“So many questions. It’s a bit of a circus for the government to propose something and be so vague about it. To warn the public and let us stew about it. It’s a bit of a vacuum and an alarming vacuum to be in.”

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McDermott said they hope the government is very clear in their language around these orders being announced Friday.

“How do you provide evidence of essential travel and what is essential travel?” she said.

“Once you stop the person, once you have the authority to check them, the concern would be about the pretext. So if you have certain individuals coming through or certain people coming through in cars, again the discretion could be used in a discriminatory manner.”

She said it raises the question about who the government is really going after with these new restrictions.

Previously, the government has said travelling for work or school is considered essential along with needing to travel for a hospital or medical appointment.

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Read more: COVID: B.C. to implement random roadside checks to restrict provincial travel

BC Ferries will not be allowing travelers with campers and trailers and will not be adding additional sailings on the May long weekend.

Horgan said people should not travel even within their health authority if it means booking accommodation in another community.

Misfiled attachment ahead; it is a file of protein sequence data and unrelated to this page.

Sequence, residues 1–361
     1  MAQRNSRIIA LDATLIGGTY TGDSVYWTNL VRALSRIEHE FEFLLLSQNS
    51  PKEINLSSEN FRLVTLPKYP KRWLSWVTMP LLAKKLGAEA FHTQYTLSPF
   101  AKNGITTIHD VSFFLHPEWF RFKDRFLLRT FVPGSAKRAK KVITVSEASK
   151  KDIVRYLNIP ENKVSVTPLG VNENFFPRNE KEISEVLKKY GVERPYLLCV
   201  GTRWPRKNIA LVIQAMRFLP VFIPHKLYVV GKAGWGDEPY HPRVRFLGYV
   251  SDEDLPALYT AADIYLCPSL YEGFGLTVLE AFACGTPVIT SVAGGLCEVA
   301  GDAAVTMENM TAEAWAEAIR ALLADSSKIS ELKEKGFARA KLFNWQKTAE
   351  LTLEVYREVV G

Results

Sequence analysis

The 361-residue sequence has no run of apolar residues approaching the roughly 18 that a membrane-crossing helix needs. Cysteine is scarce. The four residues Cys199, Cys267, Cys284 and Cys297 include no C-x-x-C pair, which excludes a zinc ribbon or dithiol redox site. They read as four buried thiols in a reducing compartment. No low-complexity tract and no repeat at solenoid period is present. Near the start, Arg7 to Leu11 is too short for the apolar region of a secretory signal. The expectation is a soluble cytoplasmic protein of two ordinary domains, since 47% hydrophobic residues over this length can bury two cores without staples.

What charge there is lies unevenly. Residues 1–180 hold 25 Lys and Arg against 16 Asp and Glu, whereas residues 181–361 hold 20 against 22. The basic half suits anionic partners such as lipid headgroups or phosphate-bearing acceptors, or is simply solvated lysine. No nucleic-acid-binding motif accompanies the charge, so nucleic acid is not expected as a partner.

“What is it about being in a car that might put others more at risk?” McDermott asked.

“It’s just unclear going after this vehicular travel. It’s kind of interesting, it just seems a bit arbitrary too as there’s so many people who don’t have cars and they might be travelling in other ways.”

B.C. to implement roadside checks to limit non-essential travel

SFU researcher Julianne Piper told Global News Tuesday that the announcement from Horgan was “welcomed” as their research has shown that jurisdictions that have reacted early and restricted travel have been successful in stopping the spread of COVID-19.

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“So this is really a welcome recognition by the provincial government of the role that travel has played in the introduction and spread of variants throughout B.C.,” she said.

Read more: Canada’s travel restrictions: How hotels, isolations sites help stop COVID-19

“There has been a lot of mixed and changing messaging around travel since the beginning of the pandemic but we also know, based on where we’re at now, it clearly hasn’t been enough to rely on people’s higher nature to stay home and stay within their communities.”

Piper said they also expect that on Friday the government will provide clear definitions around what is an essential reason for travelling.

McDermott agreed that very clear guidelines will be needed.

“I would expect they better spell it out very clearly and have it very limited to what non-essential means because it’s so unclear,” she said.

“We all have ideas about what’s essential or not.”